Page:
Photos: Brigitte Werner/Pixabay

Experts deeply concerned by “astonishing” levels of dihydrogen monoxide in Canadian lakes and rivers


Used in many industrial processes, DHMO has been identified in numerous Canadian waterbodies (photo: Tony Cordaro/Pixabay)

In a disturbing new report, scientists have discovered extraordinarily high levels of dihydrogen monoxide (DHMO) in waterbodies across Canada. Colourless, odourless, tasteless and transparent, DHMO is used in many industrial processes as a solvent and coolant, and as a fire retardant and suppressant.

The threat from this chemical is very real, scientists say. Tragically, dihydrogen monoxide is a factor in the deaths of hundreds of Canadians every year, and uncounted thousands of global fatalities. Most deaths due to DHMO are caused by its accidental inhalation. DHMO is also essential in producing nuclear power, and a common ingredient in pesticides. Even after washing, measurable levels of DHMO remain in almost all produce.


But the danger does not end there. Also known as hydrogen hydroxide or hydroxic acid, DHMO also:

  • Contributes to both the “greenhouse effect” and severe weather events
  • Causes irreversible erosion to natural shorelines
  • May cause severe burns
  • In solid form, prolonged exposure causes severe tissue damage
  • Accelerates corrosion in many metals
  • May cause electrical failures
  • Decreases effectiveness of automobile brakes

Bizarrely, and despite the obvious risks, DHMO is also sometimes used as a supplement by elite athletes, especially in endurance sports. It’s a practise that has dripped, and then trickled down to amateur outdoor enthusiasts, and threatens to become a flood, with many now purchasing expensive, specialized containers to secret around their own personal supplies of DHMO.

Symptoms of DHMO ingestion can include excessive sweating and urination, along with nausea, vomiting and body electrolyte imbalance. And for people who have become dependent on DHMO, withdrawal from the substance means certain death.


Some public health advocates believe more waterbodies should post warnings about DHMO levels (image: ronymichaud/Pixabay)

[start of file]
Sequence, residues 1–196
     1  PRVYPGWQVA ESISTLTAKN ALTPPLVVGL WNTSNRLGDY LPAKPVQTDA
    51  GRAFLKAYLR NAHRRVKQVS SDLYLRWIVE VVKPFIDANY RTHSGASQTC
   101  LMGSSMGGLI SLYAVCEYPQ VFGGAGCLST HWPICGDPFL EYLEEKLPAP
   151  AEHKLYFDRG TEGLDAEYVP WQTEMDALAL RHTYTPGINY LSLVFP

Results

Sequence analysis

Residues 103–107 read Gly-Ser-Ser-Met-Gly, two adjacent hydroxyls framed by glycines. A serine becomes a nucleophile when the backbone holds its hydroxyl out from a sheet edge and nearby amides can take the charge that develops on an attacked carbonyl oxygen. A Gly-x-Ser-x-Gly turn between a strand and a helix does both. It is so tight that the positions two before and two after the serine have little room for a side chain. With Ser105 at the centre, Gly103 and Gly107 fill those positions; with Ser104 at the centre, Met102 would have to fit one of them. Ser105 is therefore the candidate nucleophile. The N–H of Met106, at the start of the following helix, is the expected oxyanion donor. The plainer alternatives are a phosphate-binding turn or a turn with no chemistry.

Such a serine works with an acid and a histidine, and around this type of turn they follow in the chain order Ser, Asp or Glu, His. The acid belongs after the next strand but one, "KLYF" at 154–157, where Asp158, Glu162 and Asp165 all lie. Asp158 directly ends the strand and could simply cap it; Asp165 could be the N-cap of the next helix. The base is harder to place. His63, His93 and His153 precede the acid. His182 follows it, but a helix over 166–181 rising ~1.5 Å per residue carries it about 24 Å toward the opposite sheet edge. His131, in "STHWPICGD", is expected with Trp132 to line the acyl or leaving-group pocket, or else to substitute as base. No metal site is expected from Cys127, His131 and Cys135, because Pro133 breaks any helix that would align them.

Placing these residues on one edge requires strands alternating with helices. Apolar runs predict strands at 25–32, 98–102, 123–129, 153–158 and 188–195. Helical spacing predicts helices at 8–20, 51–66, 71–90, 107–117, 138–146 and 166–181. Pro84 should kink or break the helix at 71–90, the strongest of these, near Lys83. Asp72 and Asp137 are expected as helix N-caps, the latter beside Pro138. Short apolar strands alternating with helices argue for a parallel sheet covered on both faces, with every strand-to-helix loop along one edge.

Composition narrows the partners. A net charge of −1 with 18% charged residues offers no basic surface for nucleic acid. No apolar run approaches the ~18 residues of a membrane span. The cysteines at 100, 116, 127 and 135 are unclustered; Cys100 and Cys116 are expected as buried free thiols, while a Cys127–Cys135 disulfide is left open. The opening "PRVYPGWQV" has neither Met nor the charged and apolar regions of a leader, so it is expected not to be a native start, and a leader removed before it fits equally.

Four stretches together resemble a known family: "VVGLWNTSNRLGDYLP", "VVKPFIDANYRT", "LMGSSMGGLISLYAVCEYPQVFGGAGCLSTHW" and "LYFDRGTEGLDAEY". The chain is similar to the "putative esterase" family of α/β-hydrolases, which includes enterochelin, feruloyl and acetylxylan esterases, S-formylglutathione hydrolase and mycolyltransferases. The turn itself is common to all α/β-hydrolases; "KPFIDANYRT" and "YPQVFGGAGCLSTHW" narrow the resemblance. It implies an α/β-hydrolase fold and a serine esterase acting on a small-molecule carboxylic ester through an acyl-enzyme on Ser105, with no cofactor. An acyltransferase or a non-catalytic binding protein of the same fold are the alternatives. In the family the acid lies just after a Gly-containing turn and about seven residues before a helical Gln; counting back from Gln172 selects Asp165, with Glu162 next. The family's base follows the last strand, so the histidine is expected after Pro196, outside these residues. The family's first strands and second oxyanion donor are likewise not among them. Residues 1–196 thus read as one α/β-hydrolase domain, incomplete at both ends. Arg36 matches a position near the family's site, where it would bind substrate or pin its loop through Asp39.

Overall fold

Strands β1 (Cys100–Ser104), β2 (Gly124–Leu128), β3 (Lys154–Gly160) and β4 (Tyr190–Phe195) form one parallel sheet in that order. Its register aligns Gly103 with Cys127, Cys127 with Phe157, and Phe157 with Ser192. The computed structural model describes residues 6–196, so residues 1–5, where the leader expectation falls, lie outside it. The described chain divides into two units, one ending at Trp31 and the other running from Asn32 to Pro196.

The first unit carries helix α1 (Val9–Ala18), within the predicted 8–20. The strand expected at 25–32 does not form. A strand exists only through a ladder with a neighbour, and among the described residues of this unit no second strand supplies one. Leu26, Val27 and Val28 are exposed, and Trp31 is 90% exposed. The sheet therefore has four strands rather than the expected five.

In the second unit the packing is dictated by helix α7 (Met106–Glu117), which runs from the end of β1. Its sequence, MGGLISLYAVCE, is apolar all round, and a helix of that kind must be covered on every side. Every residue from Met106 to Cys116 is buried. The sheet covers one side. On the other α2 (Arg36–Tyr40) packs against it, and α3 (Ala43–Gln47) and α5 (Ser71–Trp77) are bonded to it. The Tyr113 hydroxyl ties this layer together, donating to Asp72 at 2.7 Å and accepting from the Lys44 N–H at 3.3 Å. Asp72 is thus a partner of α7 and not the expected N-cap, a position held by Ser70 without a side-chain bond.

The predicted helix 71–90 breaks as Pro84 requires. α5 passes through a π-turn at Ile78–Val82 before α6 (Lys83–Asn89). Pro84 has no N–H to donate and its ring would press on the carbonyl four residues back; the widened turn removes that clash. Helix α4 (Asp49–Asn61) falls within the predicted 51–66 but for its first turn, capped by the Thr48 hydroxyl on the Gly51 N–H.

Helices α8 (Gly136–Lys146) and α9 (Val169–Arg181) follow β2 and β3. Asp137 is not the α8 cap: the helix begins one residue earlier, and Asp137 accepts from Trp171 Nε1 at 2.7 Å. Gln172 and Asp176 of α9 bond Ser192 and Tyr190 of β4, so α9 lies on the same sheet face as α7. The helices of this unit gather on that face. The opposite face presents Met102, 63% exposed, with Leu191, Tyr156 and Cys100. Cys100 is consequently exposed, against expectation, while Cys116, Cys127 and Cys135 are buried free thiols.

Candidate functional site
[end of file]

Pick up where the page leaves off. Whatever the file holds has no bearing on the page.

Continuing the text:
“We’re shocked, just shocked—I mean, seriously frigging shocked—to find this silent, invisible killer is so prevalent in Canadian waters,” said Samson McGoldrick, interim senior undersecretary to the vice-admiral of the Association for Principles Related to Informing Laypeople committee of the Federation for Our Outdoor Lakes, the group behind this shocking report.

The group’s report, entitled What A Terrible Environmental Risk (aka the WATER report), lays out some truly disturbing findings. “Our research suggests DHMO is also seeping heavily into the earth, and has likely escaped into the atmosphere as well. But it’s really a global crisis—previous studies have even found DHMO in Antarctic ice,” McGoldrick opined, with a note of hysteria entering his voice. “This substance is found in a dizzying variety of toxic compounds. The dangers have been known for many, many years…. Even so it continues to be used daily… even in homes, swimming pools, schools, daycares and hospitals.”

Dihydrogen monoxide molecules are terrifyingly common  (image: Easy-Peasy.AI)

Scientists have identified that dihydrogen monoxide molecules consist of two hydrogen atoms, held in a sinister covalent bond with a single oxygen atom. The nature of these hydrogen bonds cause the molecules to be exceptionally attracted to each other creating, in some instances, virtual oceans of dihydrogen monoxide.

Yet so far, advocates’ efforts to control—or even raise awareness of—DHMO in Canadian waters failed. Despite a clear danger to public health, federal, provincial and local governments have all refused to ban the production, distribution or use of dihydrogen monoxide, citing its “importance to the economic health of the nation.”

According to McGoldrick, the lack of action in response to the group’s WATER report, suggests some ominous conclusions. “This is yet another example of a powerful, shadowy, international dihydrogen monoxide cabal running roughshod over the needs of everyday Canadians,” McGoldrick says.

So what can anglers and hunters do to raise awareness and combat this horrifying issue?

“To me, the clear and obvious course of action is to buy or, hopefully, renew your subscription to Outdoor Canada magazine,” says McGoldrick. “With a lively mix of how-to articles, buyer’s guides, profiles, travelogues, in-depth reportage, expert analysis and occasional gag stories, it’s been entertaining and informing readers since 1972. What more could a Canadian hook-and-bullet enthusiast want?”